Tuesday, July 26, 2016

When do I write?

Write your book when your research is finished.

Dr. John McManus, assistant professor of U.S. military history at Missouri S&T, shared an easy method for determining when to begin writing during his presentation at the Missouri Writer's Guild. It's a question he asks writers, and one that writers need to ask themselves: "How do you know what themes will be developed from a scholarly POV (or any other POV) if you aren’t finished (researching)?"

He said it’s hard to juggle all the research and writing at the same time. He believes the work is more distracted and doesn't provide the same coherence when writers try to research and write at the same time. The finished product is better when the research is complete before the writing begins.

Next question - How will you write it?

If there were only one way to write a book or article, then writing would be easy. But there are many ways, and McManus covered several points to consider as you begin.

- First, figure out your writing times. Do you have to work a 12-hour day and squeeze it in? If so, figure out time to work and stick to it like it’s a job. "All good writers are self starters, and all good historians are self starters" he said.

- Next, consider the point of view (POV). Writing from a distance, as an observer, provides readers with the big picture of an event, while writing from the POV of someone close to, or in the middle of, the action can bring a human perspective to that event. When we see everything through one person's eyes, we can relate to the actions and feel the emotions.

- Develop a chapter-by-chapter outline – it forces you to think and bring coherence to what relates and what doesn’t, forces you to make hard decisions about what to cut and what to keep. Also consider how your book will look. This outline forces unity and coherence. Each chapter that follows makes your point. By the time you’ve done the proper research, you should have these ideas. Outlines help.

- Organize material chronologically. Most good history is written chronologically. There are some exceptions in biography and other types of nonfiction. 

- Consider pacing, context, and sequencing to figure out how best to tell your story. How will the reader want to read this story, what will work best for him or her? If you are talking about the evening before, don’t give it away. Let the story unfold.

- Determine the format. What is tone? How will you refer to people - formally or informally? Will you use official titles like The Duke of So and So, or first names? Make these decisions beforehand for consistency, and you won't need to go back and change them later.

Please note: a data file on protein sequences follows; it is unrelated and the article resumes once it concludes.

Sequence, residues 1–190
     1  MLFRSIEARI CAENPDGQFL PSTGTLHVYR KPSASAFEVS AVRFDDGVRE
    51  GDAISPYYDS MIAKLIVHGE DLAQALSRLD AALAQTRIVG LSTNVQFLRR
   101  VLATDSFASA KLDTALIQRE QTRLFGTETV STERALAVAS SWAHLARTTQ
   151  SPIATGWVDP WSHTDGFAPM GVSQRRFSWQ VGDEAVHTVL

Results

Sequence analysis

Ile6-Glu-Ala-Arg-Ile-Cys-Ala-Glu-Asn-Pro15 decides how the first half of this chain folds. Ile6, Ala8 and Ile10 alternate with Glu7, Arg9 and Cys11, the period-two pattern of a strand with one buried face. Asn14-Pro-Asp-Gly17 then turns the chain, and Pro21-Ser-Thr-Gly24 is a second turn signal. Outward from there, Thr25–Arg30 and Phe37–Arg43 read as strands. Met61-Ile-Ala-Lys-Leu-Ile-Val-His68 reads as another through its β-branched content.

And finally, after writing your book or article:

- Proofread after giving yourself a little time and distance so you can look at the writing with fresh eyes.

Write soon, and let me know about YOUR process,


(Next week, a little more on organizing your writing)


  1. Since I'm working on an historical novel, this advice resonates with me. Researching as you go along is a method that often requires the rewriting of previous chapters.

    Critter Alley

    1. I would like to say I follow his advice, but it's not 100 percent of the time. It's something to strive for, though!

  2. Mary--I get what McManus is saying--that all the research should be finished before the writing is started. However, is that always possible? Are there not things that you don't think of, necessitating on more research being done?

    Thanks for sharing this. Isn't he speaking at the St. Louis County Library Headquarters soon?

    1. Sioux, for me, the research never seems to end. But I do try to wrap it up before writing (emphasis on the word "try"). It seems like some question always comes up and I have to do more research! And I think you are correct about him speaking there! This presentation was from a few years ago and I just got around to writing about it. The advice never goes out of style, though.

  3. Hi Mary,
    Thanks for posting this advice.

    I'm working on a novel and have found a chapter-by-chapter outline helpful to keep me focused. Although I'm working on fiction, it has some historical components. I have had to do some research, which I found on the Internet. I did a cut and paste and made separate entries for the historical aspects I needed to make sure were accurate for my book.

  4. Thanks for sharing and giving g us an overview of how McManus works.

    1. Thanks, Linda. I love hearing about the writing process from any writer. We are all different!

  5. Thanks for sharing and giving g us an overview of how McManus works.